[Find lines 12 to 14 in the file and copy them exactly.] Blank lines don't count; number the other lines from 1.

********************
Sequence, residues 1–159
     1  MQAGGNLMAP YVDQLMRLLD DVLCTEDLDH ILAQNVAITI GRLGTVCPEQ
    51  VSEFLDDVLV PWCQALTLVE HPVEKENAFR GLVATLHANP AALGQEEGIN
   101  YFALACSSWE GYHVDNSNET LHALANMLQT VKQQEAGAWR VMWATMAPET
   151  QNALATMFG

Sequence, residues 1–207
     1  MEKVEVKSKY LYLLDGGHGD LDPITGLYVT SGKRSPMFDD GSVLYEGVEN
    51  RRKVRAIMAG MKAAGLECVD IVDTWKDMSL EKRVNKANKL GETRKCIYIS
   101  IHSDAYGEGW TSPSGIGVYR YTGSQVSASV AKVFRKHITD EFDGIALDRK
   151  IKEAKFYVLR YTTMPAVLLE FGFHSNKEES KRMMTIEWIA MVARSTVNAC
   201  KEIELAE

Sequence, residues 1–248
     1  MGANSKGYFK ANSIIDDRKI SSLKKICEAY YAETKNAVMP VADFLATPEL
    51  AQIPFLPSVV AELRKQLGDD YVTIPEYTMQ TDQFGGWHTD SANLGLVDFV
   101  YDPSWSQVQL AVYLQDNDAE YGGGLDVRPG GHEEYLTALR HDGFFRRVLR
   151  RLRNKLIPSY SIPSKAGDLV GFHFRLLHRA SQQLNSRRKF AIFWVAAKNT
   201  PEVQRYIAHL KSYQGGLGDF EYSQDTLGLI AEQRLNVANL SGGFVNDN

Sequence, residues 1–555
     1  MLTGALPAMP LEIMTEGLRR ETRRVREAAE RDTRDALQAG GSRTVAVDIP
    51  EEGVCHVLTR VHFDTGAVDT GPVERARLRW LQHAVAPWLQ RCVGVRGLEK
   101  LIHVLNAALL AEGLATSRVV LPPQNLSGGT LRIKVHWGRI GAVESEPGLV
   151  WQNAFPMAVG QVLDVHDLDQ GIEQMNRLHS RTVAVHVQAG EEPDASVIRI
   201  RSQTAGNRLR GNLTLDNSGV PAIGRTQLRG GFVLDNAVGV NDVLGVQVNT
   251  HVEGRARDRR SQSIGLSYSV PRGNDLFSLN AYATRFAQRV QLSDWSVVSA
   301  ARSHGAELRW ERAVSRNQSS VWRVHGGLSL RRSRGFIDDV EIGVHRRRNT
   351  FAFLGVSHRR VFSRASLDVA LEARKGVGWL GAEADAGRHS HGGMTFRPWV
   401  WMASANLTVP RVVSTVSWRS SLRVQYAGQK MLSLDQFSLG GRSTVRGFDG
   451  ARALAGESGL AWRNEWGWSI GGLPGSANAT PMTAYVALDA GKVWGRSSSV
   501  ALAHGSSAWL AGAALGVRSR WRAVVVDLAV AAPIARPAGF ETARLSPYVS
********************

Sequence, residues 1–248
     1  MGANSKGYFK ANSIIDDRKI SSLKKICEAY YAETKNAVMP VADFLATPEL
    51  AQIPFLPSVV AELRKQLGDD YVTIPEYTMQ TDQFGGWHTD SANLGLVDFV